For the past several years, we have been hearing more about stem cell research. In some cases, we are talking about cloning entire animals or even people. In other cases, there have been reports regarding stem cell cures for diseases we never thought possible. There has also been a lot of debate about the ethics and morality involved in things like stem cell research involving cloning and how to deal with cells from certain types of tissue.
These conversations will likely continue long in the future, and many of the applications are more in the science fiction stage than anywhere close to real world use. However, there is work being done today on a more modest scale that may bring actual relief to patients sooner rather than later.
Such treatments should be approached with skepticism, given reports of unscrupulous stem cell treatment and research centers that have left patients seriously and permanently injured.As discussed in a recent news article from Boston University News Service, there is an experimental stem cell therapy in the works that could treat damaged cartilage in the human knee and thus replace the need to have total knee replacement for many patients.
One of the common reasons patients need a knee replacement is because, over time, the cartilage in a person’s knee can degenerate. The purpose of this cartilage is to act as a shock absorber. This will not only reduce the impact, but it will prevent bone from hitting bone. Once the cartilage is gone, and the bones start hitting and grinding, this well lead to arthritic formations that will only make the joint weaker and the pain greater.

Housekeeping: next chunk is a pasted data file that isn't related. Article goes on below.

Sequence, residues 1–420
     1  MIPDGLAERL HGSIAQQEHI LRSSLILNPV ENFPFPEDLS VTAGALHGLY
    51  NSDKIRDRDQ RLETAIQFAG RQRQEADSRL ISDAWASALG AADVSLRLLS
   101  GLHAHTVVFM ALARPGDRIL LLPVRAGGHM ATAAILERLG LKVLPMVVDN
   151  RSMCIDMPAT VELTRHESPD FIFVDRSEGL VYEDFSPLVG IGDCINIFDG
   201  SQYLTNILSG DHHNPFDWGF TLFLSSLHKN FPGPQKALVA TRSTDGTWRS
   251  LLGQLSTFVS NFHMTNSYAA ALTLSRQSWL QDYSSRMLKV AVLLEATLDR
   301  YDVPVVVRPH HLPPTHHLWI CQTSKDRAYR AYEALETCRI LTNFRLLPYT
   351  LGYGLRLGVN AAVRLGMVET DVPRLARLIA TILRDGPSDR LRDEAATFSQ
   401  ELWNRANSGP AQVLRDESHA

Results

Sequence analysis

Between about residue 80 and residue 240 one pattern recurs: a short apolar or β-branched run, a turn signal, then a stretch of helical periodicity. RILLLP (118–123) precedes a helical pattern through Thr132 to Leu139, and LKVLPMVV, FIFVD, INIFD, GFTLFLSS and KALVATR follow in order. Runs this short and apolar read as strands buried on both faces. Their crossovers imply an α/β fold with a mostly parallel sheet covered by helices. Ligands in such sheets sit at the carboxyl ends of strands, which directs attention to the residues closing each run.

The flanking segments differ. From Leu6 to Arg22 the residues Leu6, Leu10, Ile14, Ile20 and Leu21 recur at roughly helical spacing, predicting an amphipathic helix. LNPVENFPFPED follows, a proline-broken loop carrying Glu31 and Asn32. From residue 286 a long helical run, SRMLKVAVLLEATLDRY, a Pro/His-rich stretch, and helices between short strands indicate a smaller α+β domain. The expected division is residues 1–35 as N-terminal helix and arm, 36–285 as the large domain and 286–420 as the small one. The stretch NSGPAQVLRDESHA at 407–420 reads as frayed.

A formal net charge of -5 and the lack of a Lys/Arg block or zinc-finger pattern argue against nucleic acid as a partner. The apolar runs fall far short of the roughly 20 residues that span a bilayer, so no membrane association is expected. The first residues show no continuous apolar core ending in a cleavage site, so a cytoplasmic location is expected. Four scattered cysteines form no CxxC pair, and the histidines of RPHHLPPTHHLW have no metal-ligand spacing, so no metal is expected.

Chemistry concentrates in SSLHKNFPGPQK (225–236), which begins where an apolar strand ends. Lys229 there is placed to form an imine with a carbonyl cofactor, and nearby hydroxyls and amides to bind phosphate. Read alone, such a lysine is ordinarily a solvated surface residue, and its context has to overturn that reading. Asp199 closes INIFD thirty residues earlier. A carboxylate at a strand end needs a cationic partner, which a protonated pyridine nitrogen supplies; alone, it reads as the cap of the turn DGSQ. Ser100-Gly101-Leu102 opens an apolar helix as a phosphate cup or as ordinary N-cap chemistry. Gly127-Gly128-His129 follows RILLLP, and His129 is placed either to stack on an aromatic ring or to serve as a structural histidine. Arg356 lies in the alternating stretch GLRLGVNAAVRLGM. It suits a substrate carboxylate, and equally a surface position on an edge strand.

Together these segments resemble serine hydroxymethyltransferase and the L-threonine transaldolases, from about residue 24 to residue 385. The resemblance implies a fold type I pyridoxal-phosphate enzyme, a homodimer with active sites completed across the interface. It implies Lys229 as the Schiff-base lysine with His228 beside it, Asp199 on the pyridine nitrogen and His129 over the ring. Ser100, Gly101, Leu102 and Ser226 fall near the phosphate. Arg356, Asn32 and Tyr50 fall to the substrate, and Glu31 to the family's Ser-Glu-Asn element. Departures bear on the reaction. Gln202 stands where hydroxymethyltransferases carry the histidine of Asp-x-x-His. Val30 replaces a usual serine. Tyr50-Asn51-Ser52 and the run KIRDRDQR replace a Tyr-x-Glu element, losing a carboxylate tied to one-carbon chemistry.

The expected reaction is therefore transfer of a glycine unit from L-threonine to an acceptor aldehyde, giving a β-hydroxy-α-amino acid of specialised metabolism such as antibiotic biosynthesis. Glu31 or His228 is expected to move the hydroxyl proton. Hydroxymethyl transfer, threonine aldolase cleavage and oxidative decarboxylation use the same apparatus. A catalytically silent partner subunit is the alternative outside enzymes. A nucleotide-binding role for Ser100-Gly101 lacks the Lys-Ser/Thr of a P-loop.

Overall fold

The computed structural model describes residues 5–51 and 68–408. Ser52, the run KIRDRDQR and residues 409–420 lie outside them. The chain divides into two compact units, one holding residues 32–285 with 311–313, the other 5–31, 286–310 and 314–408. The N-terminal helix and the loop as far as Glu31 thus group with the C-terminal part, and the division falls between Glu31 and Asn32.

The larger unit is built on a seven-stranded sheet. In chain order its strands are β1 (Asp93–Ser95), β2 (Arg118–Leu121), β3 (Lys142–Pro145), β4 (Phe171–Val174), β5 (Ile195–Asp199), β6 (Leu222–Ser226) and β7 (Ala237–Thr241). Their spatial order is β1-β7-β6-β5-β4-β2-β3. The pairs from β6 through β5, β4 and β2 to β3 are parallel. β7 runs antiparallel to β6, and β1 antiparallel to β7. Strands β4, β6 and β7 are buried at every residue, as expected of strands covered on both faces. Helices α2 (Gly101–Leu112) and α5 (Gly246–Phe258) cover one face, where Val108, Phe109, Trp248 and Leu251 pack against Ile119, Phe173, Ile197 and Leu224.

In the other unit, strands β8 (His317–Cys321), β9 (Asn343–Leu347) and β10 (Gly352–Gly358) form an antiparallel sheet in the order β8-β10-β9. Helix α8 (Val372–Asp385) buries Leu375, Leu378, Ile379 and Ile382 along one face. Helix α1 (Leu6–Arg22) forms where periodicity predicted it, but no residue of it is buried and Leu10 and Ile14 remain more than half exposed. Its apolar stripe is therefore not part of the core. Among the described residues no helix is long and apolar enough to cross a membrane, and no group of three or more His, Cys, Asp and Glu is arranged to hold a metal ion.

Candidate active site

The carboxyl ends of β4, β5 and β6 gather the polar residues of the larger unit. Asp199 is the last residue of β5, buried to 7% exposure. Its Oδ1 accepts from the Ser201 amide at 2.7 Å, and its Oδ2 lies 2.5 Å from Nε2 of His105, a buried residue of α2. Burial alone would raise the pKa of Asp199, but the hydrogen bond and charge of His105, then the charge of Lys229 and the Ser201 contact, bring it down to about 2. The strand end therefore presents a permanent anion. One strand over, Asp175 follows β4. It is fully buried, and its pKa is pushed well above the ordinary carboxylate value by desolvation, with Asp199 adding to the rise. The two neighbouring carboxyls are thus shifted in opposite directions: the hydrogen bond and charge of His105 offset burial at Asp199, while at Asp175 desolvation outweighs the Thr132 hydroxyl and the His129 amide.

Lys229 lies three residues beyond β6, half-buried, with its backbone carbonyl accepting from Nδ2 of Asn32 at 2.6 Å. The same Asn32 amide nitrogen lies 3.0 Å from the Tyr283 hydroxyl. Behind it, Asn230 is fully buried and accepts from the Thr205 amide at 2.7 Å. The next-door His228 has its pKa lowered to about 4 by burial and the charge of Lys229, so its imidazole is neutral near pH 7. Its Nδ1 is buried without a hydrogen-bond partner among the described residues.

In some patients, such as the one featured in the article, a degenerative disease like ostechondritis dissecans (OCD) can occur at much younger age, such as in teens. This can leave a young victim feeling like he or she is 80 years old, as discussed in the article. Previously, a patient would consider a total knee implant. This is a problem at a young age, because the devices are only rated to last around 10 to 20 years. This is not so critical for an actual 80-year-old patient, but a 13-year-old patient will need multiple painful knee replacements during the rest of his or her life.
It should be noted, that if you have had a total knee replacement, and the device has failed in less than 10 years or you are in severe pain, you should contact an experienced defective knee replacement lawyer in Boston to see if you have a valid claim. This is especially true if your doctor tells you that you will need to have a second or subsequent surgery to have a new artificial knee implant.
However, with this new technique, the hope is that a patient can have stem cells implanted, and they will allow the body to regrow the cartilage so as to obviate the need for a total knee replacement operation. This technique is much less invasive, as well. A surgeon will make a small incision and retract the skin. He or she will then drill several small holes in the remaining cartilage and inject a gel containing stem cells. He or she will then smooth them down and stitch the patient’s wound.
Call the Boston Jeffrey Glassman Injury Lawyers for a free and confidential appointment — (617) 777-7777.
Experimental Stem Cell Therapy Could Treat Damaged Knee Cartilage, April 24, 2017, By Dara Farhadi, Boston University News Service
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